I have been writing about personal finance in columns for the Herald family of newspapers for 15 years. A lot has changed in that time, although the basics of budgeting, spending within your means and investing still stands.
1. You don't need all that stuff. Things that didn't exist 15 years ago such as iPhones and Nespresso machines are seen as essentials. It cuts into savings and forces us to buy larger houses to accommodate everything.
2. Run from hard sell. The worst hard sell I experienced in New Zealand as an undercover journalist was from Blue Chip Financial Services and Youi Insurance. The red flags were blindingly obvious, but Kiwis want to believe what they're being told.
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3. Save little and often. Even low-income KiwiSavers have built up thousands of dollars of savings for the first time in their lives by contributing a little each month. Sharesies allows you to invest a few dollars each month.
4. Markets go down as well as up. Never trust a salesperson using graphs that only go upwards. I've seen too many over the years.
5. Look for solutions not excuses. The term "excusitis" was introduced to me by author Lisa Dudson a decade back. It's really common for people to look for excuses why they can't do something. I always try to look for solutions.
6. Don't envy your neighbours. I first heard Warren Buffett's saying "Only when the tide goes out do you discover who's been swimming naked" in the early 2000s. It is so true. Some of the people I know who live the most opulent lives have no savings.
7. New Zealand is the Wild West. I first used the Wild West analogy about financial services in 2005. By 2014 it was a bit better, but when I wrote another take on the Wild West analogy a staff member from one of the regulators shouted in my face. Literally. A one-word answer in 2019, for lack of space, is "ANZ".
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8. Reflect. I learn more from personal experience as well as the feedback from readers. Even the "you stupid moronic journalist" emails add to the mix.
9. Own your mistakes. We all make mistakes. They can be a great learning tool if we accept them. One of my children just frittered away $700 of money earmarked for savings. The learnings from that mistake will be worth big bucks over the years.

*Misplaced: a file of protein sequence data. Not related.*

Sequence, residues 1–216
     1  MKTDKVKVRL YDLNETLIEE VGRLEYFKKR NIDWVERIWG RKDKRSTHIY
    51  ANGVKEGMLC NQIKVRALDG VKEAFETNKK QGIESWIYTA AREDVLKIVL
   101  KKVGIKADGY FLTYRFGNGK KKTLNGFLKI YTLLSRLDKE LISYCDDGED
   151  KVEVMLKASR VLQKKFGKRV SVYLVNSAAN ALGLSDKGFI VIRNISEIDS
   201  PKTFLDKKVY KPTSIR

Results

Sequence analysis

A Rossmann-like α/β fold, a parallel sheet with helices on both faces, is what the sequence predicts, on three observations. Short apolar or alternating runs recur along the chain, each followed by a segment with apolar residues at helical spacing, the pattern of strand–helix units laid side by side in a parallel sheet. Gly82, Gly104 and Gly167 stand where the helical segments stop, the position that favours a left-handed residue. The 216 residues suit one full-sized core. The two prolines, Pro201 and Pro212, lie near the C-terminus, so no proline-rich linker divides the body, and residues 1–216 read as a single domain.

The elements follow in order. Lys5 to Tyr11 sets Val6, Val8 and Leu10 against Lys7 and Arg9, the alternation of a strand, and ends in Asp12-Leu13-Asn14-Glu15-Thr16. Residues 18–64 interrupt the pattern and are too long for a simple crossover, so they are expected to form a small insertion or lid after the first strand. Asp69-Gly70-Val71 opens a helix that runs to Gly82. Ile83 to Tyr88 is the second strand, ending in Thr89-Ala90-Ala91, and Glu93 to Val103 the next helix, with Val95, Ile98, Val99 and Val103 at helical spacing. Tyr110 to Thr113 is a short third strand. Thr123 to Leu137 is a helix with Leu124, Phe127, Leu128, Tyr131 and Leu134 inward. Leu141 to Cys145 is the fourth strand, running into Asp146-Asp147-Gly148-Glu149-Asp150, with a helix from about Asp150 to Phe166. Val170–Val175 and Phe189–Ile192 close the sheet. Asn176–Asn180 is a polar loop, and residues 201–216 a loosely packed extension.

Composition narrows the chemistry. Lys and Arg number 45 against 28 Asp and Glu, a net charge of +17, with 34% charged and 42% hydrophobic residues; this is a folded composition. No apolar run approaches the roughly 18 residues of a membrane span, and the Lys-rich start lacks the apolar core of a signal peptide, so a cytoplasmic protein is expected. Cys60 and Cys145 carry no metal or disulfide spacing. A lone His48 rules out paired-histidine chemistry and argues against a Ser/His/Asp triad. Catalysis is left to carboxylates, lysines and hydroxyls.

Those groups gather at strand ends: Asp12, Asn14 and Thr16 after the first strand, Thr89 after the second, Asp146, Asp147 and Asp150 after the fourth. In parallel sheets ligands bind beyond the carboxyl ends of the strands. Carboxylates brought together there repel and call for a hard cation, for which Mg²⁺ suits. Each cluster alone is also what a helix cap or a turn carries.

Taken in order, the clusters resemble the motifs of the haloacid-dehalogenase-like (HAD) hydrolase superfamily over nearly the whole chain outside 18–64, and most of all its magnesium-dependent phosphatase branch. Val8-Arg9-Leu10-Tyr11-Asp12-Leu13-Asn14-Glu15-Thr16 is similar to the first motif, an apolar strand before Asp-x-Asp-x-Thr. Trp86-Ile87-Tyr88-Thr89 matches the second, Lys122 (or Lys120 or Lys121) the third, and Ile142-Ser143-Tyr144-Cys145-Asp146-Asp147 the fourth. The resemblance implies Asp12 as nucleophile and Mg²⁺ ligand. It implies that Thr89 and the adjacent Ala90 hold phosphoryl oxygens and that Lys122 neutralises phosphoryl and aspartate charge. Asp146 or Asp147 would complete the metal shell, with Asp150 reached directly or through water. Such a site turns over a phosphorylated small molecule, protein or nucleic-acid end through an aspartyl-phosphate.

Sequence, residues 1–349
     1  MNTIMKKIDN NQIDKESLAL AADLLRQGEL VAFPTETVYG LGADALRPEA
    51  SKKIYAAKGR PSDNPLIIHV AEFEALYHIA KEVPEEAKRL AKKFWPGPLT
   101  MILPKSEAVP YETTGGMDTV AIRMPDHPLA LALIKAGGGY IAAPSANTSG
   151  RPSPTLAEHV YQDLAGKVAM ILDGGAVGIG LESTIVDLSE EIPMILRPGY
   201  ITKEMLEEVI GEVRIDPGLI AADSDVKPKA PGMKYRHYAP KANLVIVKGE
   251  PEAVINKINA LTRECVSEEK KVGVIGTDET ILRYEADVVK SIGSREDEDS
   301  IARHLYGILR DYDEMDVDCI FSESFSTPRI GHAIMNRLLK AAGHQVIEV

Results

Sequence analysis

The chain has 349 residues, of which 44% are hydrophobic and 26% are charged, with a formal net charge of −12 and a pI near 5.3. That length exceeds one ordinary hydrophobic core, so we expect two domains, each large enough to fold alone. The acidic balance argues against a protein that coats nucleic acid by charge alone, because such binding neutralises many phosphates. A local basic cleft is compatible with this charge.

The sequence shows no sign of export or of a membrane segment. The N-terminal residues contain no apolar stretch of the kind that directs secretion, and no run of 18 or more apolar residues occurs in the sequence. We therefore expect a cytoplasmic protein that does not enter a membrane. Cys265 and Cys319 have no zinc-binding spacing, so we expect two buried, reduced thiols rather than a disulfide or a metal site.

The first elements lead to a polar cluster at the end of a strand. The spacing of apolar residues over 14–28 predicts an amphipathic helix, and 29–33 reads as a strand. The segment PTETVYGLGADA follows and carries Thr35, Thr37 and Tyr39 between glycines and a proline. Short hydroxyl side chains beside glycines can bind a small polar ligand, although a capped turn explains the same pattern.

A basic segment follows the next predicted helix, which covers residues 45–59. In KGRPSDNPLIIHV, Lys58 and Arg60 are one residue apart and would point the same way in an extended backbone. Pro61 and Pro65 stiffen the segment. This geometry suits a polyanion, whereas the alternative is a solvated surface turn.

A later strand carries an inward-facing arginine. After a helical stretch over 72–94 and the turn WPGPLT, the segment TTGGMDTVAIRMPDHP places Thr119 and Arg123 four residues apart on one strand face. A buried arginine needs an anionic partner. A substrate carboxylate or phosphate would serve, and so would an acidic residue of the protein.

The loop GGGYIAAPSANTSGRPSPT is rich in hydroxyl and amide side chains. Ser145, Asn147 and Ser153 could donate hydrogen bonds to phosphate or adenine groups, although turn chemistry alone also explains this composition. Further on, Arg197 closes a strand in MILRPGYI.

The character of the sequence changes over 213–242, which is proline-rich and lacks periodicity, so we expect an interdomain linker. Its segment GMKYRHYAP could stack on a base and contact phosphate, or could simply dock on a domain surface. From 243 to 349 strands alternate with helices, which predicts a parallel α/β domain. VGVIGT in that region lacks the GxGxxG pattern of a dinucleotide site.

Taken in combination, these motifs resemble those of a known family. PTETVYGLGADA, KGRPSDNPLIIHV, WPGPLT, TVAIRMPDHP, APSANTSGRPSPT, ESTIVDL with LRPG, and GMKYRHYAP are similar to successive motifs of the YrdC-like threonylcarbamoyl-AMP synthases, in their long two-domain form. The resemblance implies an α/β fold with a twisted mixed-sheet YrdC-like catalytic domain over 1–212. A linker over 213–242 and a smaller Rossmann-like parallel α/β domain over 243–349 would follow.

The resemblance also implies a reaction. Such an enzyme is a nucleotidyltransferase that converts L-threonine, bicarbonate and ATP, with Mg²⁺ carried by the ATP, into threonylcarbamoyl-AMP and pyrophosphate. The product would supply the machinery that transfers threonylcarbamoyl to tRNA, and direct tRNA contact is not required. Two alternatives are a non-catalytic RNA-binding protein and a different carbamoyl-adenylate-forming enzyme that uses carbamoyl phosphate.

10. Budget. The big bad budget works. Call it a spending plan if you like. Apps make it easier. A great idea I've picked up in the past couple of years is, if you can't budget at least pick three areas of your expenditure to set limits on.
11. Be honest with yourself. I upset my then-editor in 2016 by suggesting Kiwis are dishonest by lumping alcohol and other luxuries as "groceries" in their budgets. More honest would be adding this spend to your entertainment budget. That's one of the many examples where we aren't honest with ourselves.
12. Teach your children well. Children who don't learn young about money will be a financial drain and worry their parents for years to come. Set rules and give them their own money to spend. Once it's gone, it's gone.
13. Don't take investing advice from your mates. We all know someone who shows off about their investing prowess. Three months or six months returns do not make an investor to learn from. What's more, they might be trying to justify their own actions.
14. Diversify. Over the past 15 years too many Kiwis have lost their life savings through finance company investments, dodgy property investment companies, and scams. No one should have all their money in one basket.
15. Plan for the unexpected. Have income/medical/mortgage/home insurance to cover you rather than going cap in hand to Givealittle.